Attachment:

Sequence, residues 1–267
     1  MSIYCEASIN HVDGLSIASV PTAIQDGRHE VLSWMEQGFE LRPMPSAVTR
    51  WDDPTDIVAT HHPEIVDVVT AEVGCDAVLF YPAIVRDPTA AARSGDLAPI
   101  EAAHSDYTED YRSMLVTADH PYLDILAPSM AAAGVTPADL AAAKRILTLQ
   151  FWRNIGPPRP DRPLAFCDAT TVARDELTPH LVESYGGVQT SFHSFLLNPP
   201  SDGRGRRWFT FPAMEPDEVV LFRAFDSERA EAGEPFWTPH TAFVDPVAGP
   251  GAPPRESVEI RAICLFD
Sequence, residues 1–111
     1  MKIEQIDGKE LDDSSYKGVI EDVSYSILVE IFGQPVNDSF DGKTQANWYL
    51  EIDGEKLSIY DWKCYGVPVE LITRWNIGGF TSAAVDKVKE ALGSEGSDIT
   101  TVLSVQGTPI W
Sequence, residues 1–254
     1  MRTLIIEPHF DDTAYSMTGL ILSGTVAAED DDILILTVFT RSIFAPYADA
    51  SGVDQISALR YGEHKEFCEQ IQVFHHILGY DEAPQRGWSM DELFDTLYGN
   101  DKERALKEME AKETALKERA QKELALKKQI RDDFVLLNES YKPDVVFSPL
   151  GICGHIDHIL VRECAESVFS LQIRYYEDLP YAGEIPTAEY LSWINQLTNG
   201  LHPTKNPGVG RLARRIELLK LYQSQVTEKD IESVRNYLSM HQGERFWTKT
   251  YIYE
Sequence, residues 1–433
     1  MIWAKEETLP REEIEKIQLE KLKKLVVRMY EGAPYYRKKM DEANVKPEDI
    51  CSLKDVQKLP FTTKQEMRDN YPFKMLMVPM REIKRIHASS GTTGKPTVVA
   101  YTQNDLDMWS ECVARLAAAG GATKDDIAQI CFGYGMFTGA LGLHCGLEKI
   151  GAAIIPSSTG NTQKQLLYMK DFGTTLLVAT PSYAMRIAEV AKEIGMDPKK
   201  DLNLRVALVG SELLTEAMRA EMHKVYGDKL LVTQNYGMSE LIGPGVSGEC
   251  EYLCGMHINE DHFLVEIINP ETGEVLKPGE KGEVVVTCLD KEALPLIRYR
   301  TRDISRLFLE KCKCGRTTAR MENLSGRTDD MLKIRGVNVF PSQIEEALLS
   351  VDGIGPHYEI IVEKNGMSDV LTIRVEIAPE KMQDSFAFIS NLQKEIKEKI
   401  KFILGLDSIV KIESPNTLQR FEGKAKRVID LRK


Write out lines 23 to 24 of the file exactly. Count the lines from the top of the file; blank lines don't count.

   151  GAAIIPSSTG NTQKQLLYMK DFGTTLLVAT PSYAMRIAEV AKEIGMDPKK
   201  DLNLRVALVG SELLTEAMRA EMHKVYGDKL LVTQNYGMSE LIGPGVSGEC